Consider the expense of hiring just one full-time IT Manager. You pay to advertise an open position, experience a costly dip in productivity during the interview and on boarding phases, and must provide benefits and a competitive salary throughout the IT Manager’s tenure.

Why settle for 9 to 5 network monitoring when you can have 24/7 surveillance at a fraction of the cost? Outsource to QCS Group and secure a team of IT experts for one flat subscription rate.

  1. Stay Current and Competitive

“Experts” being the operative word. QCS Group’s techs are well-versed in today’s leading data security tactics and tools and we have the certifications to prove it. Offering regular software updates and experience-based advice, we place small business clients on an even playing field with large corporations that can afford to have these resources in-house.

Leave data security to the pros and focus full-time on developing your area of interest and expertise: your business.

  1. See the Unbiased Truth

security protection anti virus software 60504 300x200 300x200 - 3 Out of This World Benefits of Outsourced ITSad, but true: 43% of data lost is breached by the companies’ own staff. In a world where internal threats loom almost as large as external ones, you need surveillance that is always on your side—something that a full-time employee working closely with colleagues may not be capable of providing.

QCS Group can be your watch dog. During each hour of our 24 hour network monitoring sessions, our loyalties rest with you. You see Frank, from sales, who brings doughnuts to the office every Friday. We see an end user. If we detect suspicious activity, you’re notified.

Expert-level maintenance. Nonstop monitoring. Unbiased reporting. These are just a few of the remote managed services QCS Group provides. You may not see us at the water cooler, but we are inside of your business, updating software and securing data to keep you in sync with your biggest competitors, at minimal cost.


Reach out to QCS Group about outsourcing IT. We have everything your small business needs to make it big.

Fotolia 103587670 S - Data Backup Best Practices: Avoid These 6 Disaster Recovery Fails

Data Backup Best Practices: Avoid These 6 Disaster Recovery Fails

By | QCS Group Blog | No Comments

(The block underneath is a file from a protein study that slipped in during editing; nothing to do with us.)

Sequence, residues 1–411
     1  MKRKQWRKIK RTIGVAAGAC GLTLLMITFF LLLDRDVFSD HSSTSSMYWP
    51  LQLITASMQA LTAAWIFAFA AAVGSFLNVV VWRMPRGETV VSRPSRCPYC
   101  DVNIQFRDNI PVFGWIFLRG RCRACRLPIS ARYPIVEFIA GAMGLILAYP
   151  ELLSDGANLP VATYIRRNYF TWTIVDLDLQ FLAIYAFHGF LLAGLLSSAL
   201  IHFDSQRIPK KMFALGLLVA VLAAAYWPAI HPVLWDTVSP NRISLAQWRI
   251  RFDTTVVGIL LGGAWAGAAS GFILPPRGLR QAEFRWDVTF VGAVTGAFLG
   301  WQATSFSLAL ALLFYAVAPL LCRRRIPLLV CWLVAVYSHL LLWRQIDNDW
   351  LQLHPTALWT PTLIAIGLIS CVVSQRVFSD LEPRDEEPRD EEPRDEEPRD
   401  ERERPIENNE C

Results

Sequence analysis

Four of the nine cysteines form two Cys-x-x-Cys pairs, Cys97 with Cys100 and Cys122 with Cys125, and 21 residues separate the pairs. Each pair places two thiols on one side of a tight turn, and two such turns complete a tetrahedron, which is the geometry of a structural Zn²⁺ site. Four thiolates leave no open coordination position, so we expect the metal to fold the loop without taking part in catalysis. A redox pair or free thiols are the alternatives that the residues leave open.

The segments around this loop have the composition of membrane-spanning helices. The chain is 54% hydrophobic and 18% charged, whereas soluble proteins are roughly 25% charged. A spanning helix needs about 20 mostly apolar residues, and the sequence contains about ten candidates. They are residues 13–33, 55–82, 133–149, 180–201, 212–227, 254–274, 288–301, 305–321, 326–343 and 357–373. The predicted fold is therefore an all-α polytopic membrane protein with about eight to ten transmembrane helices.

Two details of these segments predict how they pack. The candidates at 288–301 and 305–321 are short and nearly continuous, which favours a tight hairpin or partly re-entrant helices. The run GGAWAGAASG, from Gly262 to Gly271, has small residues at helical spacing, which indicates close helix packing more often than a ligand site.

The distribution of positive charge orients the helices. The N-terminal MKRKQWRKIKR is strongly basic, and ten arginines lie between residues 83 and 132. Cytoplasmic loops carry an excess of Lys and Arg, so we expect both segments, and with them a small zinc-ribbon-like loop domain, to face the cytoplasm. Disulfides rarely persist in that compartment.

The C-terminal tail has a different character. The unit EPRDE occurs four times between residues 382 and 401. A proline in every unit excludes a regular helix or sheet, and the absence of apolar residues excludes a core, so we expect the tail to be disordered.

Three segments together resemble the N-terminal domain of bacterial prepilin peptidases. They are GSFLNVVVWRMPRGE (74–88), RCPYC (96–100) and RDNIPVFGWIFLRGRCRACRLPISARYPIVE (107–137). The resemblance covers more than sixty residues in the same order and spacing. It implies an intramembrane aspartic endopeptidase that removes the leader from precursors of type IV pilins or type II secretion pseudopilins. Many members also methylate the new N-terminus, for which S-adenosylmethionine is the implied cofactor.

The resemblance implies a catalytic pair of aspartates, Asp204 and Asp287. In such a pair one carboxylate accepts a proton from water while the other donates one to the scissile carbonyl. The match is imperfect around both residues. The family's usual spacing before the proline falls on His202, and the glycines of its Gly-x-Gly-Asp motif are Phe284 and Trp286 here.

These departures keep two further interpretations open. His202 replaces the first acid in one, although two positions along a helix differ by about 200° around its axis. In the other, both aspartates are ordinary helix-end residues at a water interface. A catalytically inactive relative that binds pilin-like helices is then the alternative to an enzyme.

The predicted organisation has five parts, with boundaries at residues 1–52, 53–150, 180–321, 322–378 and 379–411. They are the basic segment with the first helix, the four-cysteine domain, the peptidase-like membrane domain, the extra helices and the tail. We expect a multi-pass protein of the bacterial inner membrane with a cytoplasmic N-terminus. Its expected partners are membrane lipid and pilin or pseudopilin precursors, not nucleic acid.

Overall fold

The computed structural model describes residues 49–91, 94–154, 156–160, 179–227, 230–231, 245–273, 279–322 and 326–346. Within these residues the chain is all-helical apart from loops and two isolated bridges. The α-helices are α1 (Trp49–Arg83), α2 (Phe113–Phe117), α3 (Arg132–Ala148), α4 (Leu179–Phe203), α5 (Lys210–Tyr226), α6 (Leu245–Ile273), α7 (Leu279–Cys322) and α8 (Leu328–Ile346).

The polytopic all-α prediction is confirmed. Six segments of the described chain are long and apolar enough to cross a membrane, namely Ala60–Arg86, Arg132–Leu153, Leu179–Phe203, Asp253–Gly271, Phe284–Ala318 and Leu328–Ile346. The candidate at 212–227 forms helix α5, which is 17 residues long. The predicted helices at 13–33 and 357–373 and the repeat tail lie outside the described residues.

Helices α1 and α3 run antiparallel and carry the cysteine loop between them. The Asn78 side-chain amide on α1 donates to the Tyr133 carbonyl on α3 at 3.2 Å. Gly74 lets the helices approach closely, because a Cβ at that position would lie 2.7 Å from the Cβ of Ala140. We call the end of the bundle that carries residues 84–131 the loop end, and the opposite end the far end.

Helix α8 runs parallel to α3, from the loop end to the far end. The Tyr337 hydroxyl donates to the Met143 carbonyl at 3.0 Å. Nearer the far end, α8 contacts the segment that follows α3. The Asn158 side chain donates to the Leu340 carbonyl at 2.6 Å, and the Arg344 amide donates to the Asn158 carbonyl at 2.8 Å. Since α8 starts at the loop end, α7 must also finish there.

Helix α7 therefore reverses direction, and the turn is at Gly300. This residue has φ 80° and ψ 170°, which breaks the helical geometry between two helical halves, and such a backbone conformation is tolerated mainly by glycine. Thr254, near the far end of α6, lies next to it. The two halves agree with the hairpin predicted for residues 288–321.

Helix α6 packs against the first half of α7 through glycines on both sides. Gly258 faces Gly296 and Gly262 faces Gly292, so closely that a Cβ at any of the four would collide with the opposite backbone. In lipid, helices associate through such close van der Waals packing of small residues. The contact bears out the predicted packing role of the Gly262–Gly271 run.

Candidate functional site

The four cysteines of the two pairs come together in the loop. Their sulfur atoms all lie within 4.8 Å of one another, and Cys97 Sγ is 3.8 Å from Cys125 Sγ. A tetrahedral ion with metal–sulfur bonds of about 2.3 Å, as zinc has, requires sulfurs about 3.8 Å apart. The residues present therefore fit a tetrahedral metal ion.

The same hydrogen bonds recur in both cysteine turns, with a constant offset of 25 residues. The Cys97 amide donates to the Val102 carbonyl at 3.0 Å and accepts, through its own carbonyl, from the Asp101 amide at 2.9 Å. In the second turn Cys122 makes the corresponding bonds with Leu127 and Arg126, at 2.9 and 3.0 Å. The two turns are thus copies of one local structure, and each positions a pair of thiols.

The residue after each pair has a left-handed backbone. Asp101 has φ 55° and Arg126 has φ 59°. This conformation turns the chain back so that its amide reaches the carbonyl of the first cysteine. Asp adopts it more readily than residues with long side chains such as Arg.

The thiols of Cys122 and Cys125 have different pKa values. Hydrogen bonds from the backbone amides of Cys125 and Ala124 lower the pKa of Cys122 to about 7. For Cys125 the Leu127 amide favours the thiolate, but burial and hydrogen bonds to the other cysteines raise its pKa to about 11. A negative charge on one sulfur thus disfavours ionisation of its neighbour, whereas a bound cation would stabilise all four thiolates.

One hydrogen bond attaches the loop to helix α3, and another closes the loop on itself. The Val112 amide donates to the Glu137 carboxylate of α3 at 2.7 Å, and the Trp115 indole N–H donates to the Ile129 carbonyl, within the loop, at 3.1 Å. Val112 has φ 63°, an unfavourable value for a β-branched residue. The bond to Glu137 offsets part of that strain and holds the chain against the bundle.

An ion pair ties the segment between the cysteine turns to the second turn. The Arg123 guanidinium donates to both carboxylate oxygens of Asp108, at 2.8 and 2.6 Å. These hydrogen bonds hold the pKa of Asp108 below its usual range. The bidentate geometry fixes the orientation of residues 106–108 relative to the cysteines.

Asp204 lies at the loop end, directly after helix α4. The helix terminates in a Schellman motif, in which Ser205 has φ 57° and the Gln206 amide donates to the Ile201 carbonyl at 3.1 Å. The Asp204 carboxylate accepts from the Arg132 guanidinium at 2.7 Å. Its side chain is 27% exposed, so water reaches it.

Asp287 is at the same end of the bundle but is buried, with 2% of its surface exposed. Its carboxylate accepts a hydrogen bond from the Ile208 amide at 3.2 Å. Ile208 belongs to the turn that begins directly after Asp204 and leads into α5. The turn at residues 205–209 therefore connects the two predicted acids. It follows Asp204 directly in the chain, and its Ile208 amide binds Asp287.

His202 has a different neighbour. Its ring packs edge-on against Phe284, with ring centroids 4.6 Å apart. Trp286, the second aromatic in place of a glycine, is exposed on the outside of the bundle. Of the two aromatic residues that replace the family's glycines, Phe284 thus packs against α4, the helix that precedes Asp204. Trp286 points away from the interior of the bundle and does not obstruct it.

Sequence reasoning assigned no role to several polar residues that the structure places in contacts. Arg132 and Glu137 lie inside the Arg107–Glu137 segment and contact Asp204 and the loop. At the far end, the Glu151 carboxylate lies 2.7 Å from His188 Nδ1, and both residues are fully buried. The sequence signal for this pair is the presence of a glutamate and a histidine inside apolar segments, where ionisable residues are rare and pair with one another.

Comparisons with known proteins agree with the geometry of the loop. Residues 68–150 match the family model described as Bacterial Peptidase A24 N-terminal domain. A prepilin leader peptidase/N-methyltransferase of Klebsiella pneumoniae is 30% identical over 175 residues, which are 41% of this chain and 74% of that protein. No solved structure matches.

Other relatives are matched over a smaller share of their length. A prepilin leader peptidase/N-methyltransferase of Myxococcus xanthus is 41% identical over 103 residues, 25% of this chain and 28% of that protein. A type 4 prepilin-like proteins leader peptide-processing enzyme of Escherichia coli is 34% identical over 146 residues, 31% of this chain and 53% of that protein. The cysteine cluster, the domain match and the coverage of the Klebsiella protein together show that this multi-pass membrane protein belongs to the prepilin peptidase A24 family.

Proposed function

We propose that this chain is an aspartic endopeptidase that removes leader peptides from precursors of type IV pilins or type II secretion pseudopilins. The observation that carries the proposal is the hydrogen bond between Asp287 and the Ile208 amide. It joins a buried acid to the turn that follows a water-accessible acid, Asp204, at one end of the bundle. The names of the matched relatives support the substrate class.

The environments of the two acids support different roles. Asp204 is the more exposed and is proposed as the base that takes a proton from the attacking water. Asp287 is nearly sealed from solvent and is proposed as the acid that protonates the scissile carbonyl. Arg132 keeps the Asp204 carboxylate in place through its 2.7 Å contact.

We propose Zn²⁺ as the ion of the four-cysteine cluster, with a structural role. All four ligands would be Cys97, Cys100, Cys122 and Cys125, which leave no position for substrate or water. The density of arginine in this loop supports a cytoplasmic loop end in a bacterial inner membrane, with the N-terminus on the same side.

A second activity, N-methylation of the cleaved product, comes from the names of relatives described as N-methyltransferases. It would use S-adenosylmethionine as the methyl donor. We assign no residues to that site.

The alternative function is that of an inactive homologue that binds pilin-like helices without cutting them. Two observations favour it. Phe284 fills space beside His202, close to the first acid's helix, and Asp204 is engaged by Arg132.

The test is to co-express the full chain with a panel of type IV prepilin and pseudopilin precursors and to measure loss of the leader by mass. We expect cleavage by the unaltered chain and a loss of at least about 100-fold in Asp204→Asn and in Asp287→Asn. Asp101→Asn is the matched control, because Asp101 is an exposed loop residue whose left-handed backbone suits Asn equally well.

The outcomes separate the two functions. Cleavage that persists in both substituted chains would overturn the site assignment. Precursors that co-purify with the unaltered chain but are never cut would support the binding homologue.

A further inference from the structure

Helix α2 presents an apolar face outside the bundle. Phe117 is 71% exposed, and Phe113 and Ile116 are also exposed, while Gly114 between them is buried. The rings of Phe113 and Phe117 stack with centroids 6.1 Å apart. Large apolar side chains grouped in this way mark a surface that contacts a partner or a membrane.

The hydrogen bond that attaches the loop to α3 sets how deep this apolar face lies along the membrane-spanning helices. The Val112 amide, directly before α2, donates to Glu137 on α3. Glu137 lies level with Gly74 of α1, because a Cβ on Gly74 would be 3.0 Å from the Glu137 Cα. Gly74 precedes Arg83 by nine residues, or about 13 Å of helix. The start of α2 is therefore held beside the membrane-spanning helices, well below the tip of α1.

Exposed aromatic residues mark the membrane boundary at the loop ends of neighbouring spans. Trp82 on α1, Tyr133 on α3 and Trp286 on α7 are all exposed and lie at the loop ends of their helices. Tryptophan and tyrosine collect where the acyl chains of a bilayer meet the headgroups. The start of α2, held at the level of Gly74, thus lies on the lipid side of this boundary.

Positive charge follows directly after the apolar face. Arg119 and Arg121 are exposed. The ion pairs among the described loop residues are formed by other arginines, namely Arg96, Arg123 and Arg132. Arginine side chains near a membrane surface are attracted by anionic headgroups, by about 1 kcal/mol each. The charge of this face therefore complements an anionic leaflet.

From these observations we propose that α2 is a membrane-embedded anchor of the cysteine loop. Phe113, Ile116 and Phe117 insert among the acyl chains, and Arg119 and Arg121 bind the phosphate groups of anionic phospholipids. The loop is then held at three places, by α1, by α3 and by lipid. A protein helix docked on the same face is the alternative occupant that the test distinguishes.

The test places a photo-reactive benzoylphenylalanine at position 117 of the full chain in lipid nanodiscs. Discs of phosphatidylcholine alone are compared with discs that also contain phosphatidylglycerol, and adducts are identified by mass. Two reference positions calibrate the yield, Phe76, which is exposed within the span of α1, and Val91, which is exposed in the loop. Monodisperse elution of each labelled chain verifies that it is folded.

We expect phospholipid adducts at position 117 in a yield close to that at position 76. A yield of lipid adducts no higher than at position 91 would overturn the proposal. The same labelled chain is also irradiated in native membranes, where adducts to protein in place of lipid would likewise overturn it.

When it comes to data recovery, even the savviest IT directors don’t have all the facts. In fact, only 30 percent reported having a fully documented disaster recovery strategy in place. Our cloud technicians experience this disconnect in data backup best practices all too often. IT staff know that gaps exist — but fail to realise how a failed restore affects every area of operations.

Overcome Disaster With Data Backup Best Practices

As a cloud managed services provider, we’ve educated our clients on the complexities surrounding backing up and restoring every layer of their IT infrastructure.

Here are some dangerous misconceptions we often hear from clients — and data backup best practices to secure your data.

1. They Don’t Test Their Data Recovery Process

Your disaster recovery plan is only as good as your data restore process.

It doesn’t matter how often you back up the hard drive or take server snapshots. If your data fails to restore, the entire organisation suffers.

An alarming 32 percent of IT administrators don’t regularly test their backup process. Often, it boils down to simply not knowing how often to test their data restore process. So they test infrequently or not at all.

But if you’re leaving restore to chance, there’s a strong possibility you won’t successfully recover every layer — from servers, applications to data — when you need it most.

How often you test your data backup and restore process depends on the nature of the data. Regardless, make sure to test under simulated disaster conditions so you think through every detail.

2. They Underestimate the Time to Restore

Sure, your data may be stored safely offsite. But when a disaster occurs, how long will it take to restore and access that data?

Consider the value of the data and financial impacts if your organisation couldn’t immediately retrieve that information. The loss in productivity, revenue and customer trust quickly amounts to thousands of dollars.

Speed to recovery is critical — and failing to plan for recovery time can result in huge costs to your business. Classify your applications based on how long the business can stomach to go without them to prioritise mission-critical data.

3. They Fail to Realise the Layers of Backup and Restore Involved

Your IT infrastructure is complex — composed on files, operating systems, data center, servers, etc. To stay productive during an outage, you need to back up, restore and test all these layers, which gets complex.